Monday, 23 December 2013

Christmas at Attingham Park

Christmas Tree in Entrance Hall
Attingham Park is worth visiting at any time, but at Christmas, visitors can step back in time and enjoy festivities from the mansion's 200 year history with the house decorated for Christmas through the ages, as the generations of Lord Berwicks living there might have known it.

I visited recently and took some photos.  The light levels inside the house are low and flash is not allowed in order to protect the delicate fabrics, furniture and paintings, but I managed to get a few shots which gives an idea of the wonderful atmosphere and displays :)

I also love that the old servants' hall is decorated for Christmas - and the way in which details were given for each servant was very ingenious!

All the photos are available to view on my Facebook author page here.

And this great video from Attingham TV shows some of the restoration work going on :)

A Merry Christmas and  Happy New Year !

Monday, 16 December 2013

My Writing Process

Today's post is part of a blog tour where writers answer four questions about their writing process. My fellow Regency author Beth Elliot posted her entry last week and sent me an invite (thank you Beth!).   So now it's my turn...

1)     What am I working on?

I'm currently finishing off a story called Christmas at Rakehell Manor

'Rakehell' started out as a novella but on the way it turned into a short novel so now I'm not sure what to label it!   I was hoping to publish before Christmas (that would make sense, right?!) but 2013 has been a difficult and stressful year and I haven't been able to write often.  Consequently, I'm waaaaay behind.  I'm keeping everything crossed for better times in 2014. 

The good news for those interested is that you won't have to wait until next Christmas to read Rakehell;  I'm sending it out into the world early next year.  I think the hero, Hugo, is worth waiting for and I’ve had heaps of fun throwing together this oh-so-masculine but conflicted man with my practical heroine, who disrupts his carefully planned Christmas  ;0)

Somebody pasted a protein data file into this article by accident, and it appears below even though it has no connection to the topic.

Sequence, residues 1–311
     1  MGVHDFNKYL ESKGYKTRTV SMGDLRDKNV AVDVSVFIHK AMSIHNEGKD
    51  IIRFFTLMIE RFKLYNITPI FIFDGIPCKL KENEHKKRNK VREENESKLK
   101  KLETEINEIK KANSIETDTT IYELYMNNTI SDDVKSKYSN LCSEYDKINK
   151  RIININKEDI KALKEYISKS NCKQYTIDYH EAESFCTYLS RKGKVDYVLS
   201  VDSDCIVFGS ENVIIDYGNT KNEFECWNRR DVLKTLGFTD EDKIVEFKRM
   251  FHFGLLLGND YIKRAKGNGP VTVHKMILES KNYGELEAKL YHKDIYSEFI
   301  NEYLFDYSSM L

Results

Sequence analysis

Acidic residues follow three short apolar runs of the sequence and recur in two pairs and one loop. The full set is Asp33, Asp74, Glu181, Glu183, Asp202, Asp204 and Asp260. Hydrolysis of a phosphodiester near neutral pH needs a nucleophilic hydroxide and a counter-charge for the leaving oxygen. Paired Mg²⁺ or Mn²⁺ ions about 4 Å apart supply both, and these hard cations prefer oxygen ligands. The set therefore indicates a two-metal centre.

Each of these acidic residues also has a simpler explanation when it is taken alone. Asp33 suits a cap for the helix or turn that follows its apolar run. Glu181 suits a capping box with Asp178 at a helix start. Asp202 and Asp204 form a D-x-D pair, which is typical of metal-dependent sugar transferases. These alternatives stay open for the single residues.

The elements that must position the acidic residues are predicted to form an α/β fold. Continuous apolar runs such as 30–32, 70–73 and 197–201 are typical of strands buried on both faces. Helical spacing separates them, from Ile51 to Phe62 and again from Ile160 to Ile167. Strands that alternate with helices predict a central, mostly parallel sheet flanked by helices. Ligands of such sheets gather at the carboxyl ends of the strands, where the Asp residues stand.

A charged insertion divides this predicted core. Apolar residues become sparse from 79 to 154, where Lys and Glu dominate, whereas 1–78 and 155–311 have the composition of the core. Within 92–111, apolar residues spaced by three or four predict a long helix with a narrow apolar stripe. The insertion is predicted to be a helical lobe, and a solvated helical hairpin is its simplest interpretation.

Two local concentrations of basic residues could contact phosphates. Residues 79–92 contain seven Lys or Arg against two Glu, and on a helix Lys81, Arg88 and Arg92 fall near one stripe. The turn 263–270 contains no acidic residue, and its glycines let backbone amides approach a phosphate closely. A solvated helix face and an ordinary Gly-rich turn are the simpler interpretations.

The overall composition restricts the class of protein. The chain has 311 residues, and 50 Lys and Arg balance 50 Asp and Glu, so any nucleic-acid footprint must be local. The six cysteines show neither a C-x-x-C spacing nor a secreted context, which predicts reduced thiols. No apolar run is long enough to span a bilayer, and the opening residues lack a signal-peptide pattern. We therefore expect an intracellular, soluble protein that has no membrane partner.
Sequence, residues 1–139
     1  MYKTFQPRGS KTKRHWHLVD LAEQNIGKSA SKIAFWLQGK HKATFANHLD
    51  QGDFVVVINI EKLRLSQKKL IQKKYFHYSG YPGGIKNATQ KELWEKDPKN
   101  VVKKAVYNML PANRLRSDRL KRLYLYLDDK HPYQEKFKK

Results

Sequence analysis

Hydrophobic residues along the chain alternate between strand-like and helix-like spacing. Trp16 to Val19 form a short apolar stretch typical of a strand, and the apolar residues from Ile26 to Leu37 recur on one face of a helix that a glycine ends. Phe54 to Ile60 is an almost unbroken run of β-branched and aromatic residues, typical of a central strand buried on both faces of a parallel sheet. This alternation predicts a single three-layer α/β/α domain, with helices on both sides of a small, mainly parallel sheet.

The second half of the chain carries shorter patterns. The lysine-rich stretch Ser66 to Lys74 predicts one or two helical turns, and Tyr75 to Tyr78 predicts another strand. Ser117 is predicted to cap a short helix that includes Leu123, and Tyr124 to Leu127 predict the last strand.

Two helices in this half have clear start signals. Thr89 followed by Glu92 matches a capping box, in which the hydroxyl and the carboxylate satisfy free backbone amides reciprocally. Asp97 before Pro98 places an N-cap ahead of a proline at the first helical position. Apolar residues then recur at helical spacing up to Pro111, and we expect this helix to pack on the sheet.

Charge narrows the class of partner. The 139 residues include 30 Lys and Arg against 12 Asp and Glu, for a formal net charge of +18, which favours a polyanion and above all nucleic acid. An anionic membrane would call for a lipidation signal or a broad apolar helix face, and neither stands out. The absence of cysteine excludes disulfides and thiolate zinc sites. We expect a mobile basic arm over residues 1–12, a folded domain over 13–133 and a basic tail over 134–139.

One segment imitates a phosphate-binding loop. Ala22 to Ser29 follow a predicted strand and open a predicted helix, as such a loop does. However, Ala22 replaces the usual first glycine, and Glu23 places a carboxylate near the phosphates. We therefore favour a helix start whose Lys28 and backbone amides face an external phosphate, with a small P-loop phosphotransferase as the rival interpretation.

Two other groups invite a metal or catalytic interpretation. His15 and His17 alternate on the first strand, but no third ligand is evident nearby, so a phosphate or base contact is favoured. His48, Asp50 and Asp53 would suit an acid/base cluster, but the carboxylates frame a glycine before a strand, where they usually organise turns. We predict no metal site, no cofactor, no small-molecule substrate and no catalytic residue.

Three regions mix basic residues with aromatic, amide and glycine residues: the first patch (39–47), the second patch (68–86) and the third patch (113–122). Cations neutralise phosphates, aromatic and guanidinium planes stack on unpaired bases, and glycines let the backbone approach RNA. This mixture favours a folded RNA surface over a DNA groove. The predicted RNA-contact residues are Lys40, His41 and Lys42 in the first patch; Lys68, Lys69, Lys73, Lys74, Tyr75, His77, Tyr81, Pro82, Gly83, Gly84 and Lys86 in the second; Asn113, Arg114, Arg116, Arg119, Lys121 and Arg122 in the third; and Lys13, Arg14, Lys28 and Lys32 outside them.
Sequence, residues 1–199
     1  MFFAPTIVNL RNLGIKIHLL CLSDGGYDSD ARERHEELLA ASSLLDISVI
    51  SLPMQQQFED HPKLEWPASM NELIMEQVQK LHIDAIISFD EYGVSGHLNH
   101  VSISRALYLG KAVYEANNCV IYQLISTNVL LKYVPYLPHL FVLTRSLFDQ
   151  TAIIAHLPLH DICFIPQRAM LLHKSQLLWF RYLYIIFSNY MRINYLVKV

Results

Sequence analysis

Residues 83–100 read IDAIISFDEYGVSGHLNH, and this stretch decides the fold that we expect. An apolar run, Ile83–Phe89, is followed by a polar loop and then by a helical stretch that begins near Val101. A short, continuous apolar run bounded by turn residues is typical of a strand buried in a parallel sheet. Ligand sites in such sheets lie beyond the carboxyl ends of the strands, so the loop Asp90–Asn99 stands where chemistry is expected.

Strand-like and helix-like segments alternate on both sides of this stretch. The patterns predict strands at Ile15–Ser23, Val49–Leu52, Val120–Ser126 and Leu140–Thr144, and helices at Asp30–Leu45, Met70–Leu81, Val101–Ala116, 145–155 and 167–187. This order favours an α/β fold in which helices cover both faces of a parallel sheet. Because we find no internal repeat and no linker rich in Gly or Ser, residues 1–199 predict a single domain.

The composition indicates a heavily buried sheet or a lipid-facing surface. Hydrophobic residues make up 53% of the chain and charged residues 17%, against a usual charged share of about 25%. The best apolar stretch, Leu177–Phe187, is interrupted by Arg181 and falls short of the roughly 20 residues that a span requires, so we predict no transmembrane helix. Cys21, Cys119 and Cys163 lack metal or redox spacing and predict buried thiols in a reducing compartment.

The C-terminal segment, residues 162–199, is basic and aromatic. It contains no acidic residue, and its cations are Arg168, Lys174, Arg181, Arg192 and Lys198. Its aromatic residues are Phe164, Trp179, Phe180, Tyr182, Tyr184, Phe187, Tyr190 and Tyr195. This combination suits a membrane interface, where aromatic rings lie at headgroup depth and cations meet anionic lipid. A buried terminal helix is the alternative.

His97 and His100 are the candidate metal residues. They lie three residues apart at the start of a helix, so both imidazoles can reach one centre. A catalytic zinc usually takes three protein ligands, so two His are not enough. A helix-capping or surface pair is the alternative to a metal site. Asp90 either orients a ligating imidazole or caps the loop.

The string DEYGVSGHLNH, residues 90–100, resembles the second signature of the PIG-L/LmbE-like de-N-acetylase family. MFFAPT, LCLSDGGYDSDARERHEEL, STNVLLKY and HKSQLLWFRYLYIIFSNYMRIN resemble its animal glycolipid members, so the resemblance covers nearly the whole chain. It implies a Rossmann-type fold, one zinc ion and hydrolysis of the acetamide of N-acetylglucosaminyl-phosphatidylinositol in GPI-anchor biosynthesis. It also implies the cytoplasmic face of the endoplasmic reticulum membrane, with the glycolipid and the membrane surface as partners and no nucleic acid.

The idea for Rakehell was sparked when a dear friend sent me details of a real house called Rake Manor which is tucked away in the English countryside. 

We laughed about it at the time and said it needed a story so it's going to get one.  Gilly, Christmas at Rakehell Manor is for you :)

2)     How does my work differ from others of its genre?

I try to write stories that are captivating, passionate, have a dash of humour and are worth re-reading.   I liken it to baking a cake - strive for an ideal blend of ingredients, cook carefully with attention to detail until romance peaks and a memorable result is achieved :D

When they buy a book, readers are investing not only their money but their precious time so I want them to feel satisfied, to experience that warm, fuzzy, emotional, happy-ever-after glow. The quality of what I produce matters a lot to me.

It's also important to get historical details right, as far as possible.  As a British author I'm writing about my history and heritage.  I feel obliged do it justice.  Of course the language and some other aspects need to be accessible to modern readers - they want romance not a dry history lesson - and all historical writing is interpretation anyway, but deviate too far and it turns into a contemporary romance with fancy dress.  And glaring anachronisms pull readers out of historical romance faster than you can say Jack Robinson ;0) *

(* According to Grose's Dictionary, published in 1785, Jack Robinson was an individual whose social visits were so short that he would be departing almost before his arrival was announced! )

 3)     Why do I write what I do? 

I write for people like me, who just need a little escape from the stresses of daily life.  

I'm a romantic at heart and love the magic of romance novels.  Historical romance, particularly that set in Georgian and Regency periods, is the genre I've always enjoyed most. It seems natural to write what I like reading. 

4)     How does your writing process work?